Acai berry grows in bunches and is harvested by hand, high above the ground, by forest farmers of the floodplain river communities in the Amazon region of South America. It grows in native subtropical climate with temperatures above 22C and needs organic acidic soil, which is present in tropical forests. The species are found naturally in Colombia, Peru, Ecuador and Brazil, but so far, acai berry production is concentrated in Brazil[2] representing 99% of global production.

Forested land in Colombia covers 60.3 million hectares, which account for almost 56% of the total country’s territory[3]. Thus, açai palm grows naturally in all the amazonic departments of Colombia (Amazonas, Vaupés, Caquetá, Putumayo, Guaviare, Guania, Nariño, Cauca and Chocó) and rough estimates could be around 900.000 Ha of açaí palm.

[1] Kugel, Seth (2010). “Açaí, A Global Fruit, Is Dinner in the Amazon.” New York Times. https://www.indianafoodreview....

[2]IBGE :https://agenciadenoticias.ibge...

[3] Colprensa (2014) Diario La República. millones-de-hectareas-de-bosques-ideam-2169656

[1] Schauss, A. G., (2006c). Açaí (Euterpe oleracea): An Extraordinary Antioxidant-Rich Palm Fruit. Biosocial Publications.

Do you qualify for and would you like to be considered for the Innovation for Women Prize? If you select Yes, explain how you are qualified for the prize in the additional question that appears.

Yes, I wish to apply for this prize

Explain how you are qualified for this prize. How will your team use the Innovation for Women Prize to advance your solution?

Many of the smallholders are females, however, it is a fact that few of them have formalised land ownership and they are therefore in a weak position. The project will put particular emphasis on this aspect, in order to be sensitive to the particular challenges female smallholders may encounter.

Gender issues will also be important when support is given for land titles. We must assure that the titles are issued to women and men in an equitable manner. Gender issues will be a focus area in the training for farmers, MFIs and cooperatives. 

Do you qualify for and would you like to be considered for the Minderoo Prize to End Global Overfishing? If you select Yes, explain how you are qualified for the prize in the additional question that appears.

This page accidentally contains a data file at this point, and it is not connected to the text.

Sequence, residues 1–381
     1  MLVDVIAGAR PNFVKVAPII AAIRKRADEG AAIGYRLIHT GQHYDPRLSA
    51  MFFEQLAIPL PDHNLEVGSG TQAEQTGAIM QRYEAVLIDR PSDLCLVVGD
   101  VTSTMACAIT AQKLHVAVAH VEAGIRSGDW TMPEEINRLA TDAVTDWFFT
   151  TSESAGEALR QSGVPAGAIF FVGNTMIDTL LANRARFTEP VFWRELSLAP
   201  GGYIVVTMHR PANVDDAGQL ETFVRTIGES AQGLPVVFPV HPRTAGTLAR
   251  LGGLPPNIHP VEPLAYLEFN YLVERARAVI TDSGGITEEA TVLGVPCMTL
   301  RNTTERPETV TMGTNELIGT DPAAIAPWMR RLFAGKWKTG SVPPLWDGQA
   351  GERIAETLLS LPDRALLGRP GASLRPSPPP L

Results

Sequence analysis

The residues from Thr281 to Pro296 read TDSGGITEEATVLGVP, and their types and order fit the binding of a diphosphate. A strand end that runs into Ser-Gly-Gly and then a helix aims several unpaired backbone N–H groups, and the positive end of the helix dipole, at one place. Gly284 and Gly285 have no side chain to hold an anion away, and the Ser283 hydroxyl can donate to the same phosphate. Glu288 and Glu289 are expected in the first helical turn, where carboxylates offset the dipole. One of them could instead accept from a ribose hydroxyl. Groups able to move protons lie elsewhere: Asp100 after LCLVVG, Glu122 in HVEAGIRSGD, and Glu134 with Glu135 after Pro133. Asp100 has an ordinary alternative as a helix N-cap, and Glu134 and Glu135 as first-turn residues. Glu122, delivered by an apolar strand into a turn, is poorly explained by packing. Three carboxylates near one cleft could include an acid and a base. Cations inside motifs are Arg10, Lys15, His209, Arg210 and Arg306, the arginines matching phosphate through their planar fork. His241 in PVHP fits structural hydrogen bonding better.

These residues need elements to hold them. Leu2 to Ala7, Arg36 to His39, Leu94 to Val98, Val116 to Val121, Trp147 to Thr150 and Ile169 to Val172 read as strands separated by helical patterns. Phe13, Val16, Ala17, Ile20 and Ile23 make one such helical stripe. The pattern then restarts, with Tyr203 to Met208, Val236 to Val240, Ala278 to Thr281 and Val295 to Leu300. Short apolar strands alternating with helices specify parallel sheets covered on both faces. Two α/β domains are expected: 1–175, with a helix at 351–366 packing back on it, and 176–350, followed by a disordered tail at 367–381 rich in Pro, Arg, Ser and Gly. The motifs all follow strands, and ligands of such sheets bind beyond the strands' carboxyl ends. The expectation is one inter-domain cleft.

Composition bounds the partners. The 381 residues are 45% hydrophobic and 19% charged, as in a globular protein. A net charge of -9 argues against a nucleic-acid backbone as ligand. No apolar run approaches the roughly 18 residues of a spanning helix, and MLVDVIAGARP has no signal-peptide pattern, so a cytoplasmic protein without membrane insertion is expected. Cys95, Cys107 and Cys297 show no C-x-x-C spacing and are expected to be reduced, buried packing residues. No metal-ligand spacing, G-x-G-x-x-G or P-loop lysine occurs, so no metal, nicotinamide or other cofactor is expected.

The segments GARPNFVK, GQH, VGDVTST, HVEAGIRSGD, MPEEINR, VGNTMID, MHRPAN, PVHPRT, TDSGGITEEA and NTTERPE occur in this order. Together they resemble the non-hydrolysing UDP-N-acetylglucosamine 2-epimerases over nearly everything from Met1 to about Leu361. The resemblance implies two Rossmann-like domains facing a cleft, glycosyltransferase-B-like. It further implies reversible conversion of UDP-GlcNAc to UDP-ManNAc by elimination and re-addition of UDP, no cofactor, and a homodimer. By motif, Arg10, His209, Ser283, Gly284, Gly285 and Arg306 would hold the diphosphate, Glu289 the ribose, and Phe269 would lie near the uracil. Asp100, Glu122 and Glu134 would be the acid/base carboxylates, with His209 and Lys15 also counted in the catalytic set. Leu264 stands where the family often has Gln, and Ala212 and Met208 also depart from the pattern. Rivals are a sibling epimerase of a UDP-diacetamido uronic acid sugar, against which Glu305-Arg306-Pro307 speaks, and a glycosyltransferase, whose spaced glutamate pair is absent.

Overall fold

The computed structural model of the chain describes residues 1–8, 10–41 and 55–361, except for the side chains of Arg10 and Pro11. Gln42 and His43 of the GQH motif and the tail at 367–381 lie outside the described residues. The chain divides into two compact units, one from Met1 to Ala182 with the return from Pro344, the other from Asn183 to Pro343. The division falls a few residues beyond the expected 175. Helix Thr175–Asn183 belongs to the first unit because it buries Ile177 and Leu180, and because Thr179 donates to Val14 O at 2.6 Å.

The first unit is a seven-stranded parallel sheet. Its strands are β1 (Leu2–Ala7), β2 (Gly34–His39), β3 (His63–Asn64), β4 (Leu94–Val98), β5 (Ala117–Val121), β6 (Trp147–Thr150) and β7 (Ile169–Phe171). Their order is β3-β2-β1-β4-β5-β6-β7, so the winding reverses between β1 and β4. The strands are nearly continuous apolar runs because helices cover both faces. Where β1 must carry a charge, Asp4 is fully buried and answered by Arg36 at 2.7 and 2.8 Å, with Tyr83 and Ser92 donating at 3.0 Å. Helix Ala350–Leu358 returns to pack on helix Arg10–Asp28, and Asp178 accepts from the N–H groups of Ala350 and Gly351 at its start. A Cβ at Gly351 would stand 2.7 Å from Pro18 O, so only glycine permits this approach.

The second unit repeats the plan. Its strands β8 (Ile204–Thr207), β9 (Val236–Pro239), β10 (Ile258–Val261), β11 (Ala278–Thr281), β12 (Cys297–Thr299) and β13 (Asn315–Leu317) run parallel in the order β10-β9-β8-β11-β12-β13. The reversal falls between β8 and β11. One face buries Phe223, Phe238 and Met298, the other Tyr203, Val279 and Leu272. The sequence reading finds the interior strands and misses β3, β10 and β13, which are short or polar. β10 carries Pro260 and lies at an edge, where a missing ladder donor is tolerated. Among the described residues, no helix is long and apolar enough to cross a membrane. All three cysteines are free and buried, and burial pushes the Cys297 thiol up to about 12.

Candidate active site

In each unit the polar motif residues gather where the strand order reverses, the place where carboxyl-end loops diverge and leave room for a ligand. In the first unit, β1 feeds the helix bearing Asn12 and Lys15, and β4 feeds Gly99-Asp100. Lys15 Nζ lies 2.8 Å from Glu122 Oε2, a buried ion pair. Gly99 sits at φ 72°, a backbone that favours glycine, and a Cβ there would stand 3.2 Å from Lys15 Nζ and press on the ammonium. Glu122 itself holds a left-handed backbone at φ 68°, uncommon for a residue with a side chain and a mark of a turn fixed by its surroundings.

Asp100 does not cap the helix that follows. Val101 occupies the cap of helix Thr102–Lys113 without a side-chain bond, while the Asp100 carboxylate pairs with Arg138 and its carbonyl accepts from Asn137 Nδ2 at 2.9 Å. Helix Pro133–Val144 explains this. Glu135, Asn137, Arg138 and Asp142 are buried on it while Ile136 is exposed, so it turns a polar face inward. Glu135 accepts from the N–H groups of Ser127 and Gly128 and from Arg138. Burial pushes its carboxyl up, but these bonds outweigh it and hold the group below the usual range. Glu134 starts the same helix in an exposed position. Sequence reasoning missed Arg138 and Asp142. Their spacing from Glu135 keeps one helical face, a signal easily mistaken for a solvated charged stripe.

Yes, I wish to apply for this prize

Explain how you are qualified for this prize. How will your team use the Minderoo Prize to End Global Overfishing to advance your solution?

By offering a stable and profitable economic alternative, many river communities will discourage overfishing.

Do you qualify for and would you like to be considered for The ServiceNow Prize? If you select Yes, explain how you are qualified for the prize in the additional question that appears.

Yes, I wish to apply for this prize

Explain how you are qualified for this prize. How will your team use The ServiceNow Prize to advance your solution?

With the GIS we will develop function to measure carbon absorption and capacity and connect the beneficiaries of Corpcoampo with Carbon markets.

Also, by establishing agroforestry plot over deforested areas we are contributing to absorbs more CO2 of these sites.

Do you qualify for and would you like to be considered for The AI for Humanity Prize? If you select Yes, explain how you are qualified for the prize in the additional question that appears.

Yes, I wish to apply for this prize

Explain how you are qualified for this prize. How will your team use The AI for Humanity Prize to advance your solution?

Our proposal looks to contribute to knowledge management around climate change and understanding land degradation factors.

Do you qualify for and would you like to be considered for The GSR Prize? If you select Yes, explain how you are qualified for the prize in the additional question that appears.

Yes, I wish to apply for this prize

Solution Team